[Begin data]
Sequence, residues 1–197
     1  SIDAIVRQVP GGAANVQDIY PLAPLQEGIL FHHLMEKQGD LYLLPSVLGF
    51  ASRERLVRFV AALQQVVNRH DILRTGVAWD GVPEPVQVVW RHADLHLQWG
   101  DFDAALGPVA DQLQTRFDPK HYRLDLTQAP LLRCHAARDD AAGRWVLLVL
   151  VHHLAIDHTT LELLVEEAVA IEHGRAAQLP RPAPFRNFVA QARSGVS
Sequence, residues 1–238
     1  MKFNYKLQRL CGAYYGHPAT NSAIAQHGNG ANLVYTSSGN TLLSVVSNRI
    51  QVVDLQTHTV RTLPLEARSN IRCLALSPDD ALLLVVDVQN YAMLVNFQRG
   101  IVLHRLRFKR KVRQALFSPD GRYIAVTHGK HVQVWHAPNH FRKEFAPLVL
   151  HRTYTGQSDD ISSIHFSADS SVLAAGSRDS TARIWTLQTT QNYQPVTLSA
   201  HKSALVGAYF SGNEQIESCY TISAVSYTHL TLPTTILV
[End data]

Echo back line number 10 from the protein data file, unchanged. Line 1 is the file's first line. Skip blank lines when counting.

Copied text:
   151  HRTYTGQSDD ISSIHFSADS SVLAAGSRDS TARIWTLQTT QNYQPVTLSA